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Title: Radiation dosimetry for studying the late effects of radiotherapy
Author: Ntentas, Georgios
ISNI:       0000 0004 7430 7048
Awarding Body: University of Oxford
Current Institution: University of Oxford
Date of Award: 2018
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Evidence that radiation-related cardiovascular disease and second primary cancers can occur in cancer survivors following radiation therapy (RT) has emerged from several independent sources. Cardiotoxicity and second cancers are of particular concern for patients with good prognosis, such as those with Hodgkin lymphoma (HL). HL patients are among the youngest to receive RT, which means that those who are cured of their cancer have decades-long natural life-expectancies during which treatment-related long-term toxicities may cause years of excess morbidity or premature mortality. A considerable amount of research has been conducted to investigate the risk of radiation-related cardiotoxicity and second cancers. However, there are still substantial gaps in knowledge. It is therefore important to improve our understanding regarding these risks and develop treatment approaches and survivorship care to minimise their impact on patients' quality of life. In this thesis, I have investigated the risk of congestive heart failure (CHF) in a cohort of 2619 HL survivors and presented, for the first time, dose-response relationships for risk of CHF versus cardiac radiation doses. I also validated the radiation dosimetry method used to estimate the cardiac doses in this study as well as for other reconstruction methods, versus a gold standard based on the patients' own computed tomography scans. Additionally, I investigated what effect the dose reconstruction errors had on the dose-response relationships. I then focused on modern RT methods and specifically on proton RT. Based on published dose-response relationships (including that developed in this thesis) I predicted cardiovascular and second cancer risks for patients treated with advanced RT. This thesis has provided new knowledge in the study of late effects in HL patients who were treated decades ago as well as for patients treated more recently with advanced RT methods. The results here can be used to facilitate progress towards personalised RT in terms of choosing the appropriate RT method by integrating individualised risk prediction in advanced RT treatment planning. The research here provides the basis for further work towards evidence-based case selection for HL patients for the first NHS proton therapy centres in the UK, opening in 2018-2021.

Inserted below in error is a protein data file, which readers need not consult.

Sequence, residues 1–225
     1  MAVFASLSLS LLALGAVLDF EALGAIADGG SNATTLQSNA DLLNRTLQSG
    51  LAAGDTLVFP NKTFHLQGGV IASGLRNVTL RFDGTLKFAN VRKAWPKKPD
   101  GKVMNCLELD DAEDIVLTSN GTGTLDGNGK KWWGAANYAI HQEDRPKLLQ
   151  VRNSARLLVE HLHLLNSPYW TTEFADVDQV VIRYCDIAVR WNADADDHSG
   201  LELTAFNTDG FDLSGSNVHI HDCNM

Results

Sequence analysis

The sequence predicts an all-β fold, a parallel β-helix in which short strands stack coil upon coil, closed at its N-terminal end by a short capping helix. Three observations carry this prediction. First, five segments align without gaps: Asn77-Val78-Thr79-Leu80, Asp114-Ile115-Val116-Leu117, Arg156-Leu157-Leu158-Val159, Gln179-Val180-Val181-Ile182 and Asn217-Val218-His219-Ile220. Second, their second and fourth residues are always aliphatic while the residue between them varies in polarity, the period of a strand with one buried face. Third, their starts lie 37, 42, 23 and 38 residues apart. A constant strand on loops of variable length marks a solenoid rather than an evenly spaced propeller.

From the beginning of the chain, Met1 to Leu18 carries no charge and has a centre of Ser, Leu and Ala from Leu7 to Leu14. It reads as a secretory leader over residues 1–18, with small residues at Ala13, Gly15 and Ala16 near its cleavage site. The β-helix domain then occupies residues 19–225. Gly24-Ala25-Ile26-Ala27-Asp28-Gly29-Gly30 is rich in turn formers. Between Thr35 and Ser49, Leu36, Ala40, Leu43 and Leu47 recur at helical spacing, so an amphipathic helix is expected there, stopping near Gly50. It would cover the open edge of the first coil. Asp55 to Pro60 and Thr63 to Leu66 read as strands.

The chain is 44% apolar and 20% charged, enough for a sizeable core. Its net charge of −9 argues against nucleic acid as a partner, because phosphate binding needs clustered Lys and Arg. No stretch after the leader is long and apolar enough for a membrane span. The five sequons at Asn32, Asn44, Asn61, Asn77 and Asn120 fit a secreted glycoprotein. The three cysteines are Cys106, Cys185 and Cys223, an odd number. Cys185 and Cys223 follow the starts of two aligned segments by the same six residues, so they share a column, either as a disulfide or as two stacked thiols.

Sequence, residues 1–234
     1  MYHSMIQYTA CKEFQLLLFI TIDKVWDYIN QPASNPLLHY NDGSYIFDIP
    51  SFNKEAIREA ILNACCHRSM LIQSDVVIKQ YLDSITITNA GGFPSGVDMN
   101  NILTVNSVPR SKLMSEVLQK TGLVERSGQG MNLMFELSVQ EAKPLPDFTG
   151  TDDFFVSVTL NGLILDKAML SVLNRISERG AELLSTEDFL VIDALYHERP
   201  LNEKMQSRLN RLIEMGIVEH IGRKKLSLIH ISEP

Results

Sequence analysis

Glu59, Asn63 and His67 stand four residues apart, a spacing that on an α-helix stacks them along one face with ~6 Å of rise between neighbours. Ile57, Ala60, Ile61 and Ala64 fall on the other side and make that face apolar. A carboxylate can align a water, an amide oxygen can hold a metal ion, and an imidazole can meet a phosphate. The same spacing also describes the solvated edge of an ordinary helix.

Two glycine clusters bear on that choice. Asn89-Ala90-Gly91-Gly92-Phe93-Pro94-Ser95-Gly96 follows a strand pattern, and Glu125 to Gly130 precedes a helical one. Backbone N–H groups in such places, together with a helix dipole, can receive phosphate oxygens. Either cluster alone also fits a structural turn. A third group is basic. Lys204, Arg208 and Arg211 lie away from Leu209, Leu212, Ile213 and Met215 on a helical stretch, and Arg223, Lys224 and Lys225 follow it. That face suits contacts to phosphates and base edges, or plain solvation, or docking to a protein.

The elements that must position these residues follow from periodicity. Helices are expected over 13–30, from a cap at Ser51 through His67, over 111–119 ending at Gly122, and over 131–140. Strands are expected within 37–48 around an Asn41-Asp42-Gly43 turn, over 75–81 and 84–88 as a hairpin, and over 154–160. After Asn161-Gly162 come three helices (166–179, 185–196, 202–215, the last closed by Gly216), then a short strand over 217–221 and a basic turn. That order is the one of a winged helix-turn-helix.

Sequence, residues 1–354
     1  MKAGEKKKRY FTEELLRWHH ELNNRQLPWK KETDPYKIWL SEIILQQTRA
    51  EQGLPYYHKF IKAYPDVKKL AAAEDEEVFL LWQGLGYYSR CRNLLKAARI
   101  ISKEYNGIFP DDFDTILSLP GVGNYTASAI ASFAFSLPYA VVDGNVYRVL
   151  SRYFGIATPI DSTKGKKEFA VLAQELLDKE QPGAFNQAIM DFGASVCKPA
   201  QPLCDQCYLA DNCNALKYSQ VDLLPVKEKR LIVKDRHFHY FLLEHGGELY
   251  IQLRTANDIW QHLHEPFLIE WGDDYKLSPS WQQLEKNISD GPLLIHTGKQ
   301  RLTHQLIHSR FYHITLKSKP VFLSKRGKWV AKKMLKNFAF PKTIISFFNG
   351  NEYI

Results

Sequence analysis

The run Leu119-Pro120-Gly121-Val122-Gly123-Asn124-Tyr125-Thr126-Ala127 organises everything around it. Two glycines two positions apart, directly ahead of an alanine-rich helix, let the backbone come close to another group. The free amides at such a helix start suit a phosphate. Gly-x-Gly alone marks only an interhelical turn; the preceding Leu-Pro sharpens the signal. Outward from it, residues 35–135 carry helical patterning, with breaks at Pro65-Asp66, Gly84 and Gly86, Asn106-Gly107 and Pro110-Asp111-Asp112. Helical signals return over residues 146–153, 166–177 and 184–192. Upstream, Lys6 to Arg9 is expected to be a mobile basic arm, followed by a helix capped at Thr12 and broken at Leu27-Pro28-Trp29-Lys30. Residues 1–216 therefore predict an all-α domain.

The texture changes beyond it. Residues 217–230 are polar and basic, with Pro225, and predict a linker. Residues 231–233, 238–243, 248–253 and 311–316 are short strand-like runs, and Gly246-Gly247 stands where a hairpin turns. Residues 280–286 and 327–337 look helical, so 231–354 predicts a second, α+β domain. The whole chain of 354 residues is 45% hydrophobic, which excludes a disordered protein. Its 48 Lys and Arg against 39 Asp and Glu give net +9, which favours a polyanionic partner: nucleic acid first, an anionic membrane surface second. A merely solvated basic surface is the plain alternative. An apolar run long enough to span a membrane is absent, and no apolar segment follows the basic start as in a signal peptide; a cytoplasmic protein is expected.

Supervisor: Aznar, Marianne ; Cutter, David ; Van Den Heuvel, Frank ; Darby, Sarah Sponsor: Cancer Research UK
Qualification Name: Thesis (Ph.D.) Qualification Level: Doctoral
EThOS ID:  DOI: Not available
Keywords: Radiation-related cardiac toxicity ; Cardiac radiation dose reconstruction ; Proton therapy for Hodgkin lymphoma ; Radiation-related cardiac disease ; Hodgkin lymphoma ; Retrospective dosimetry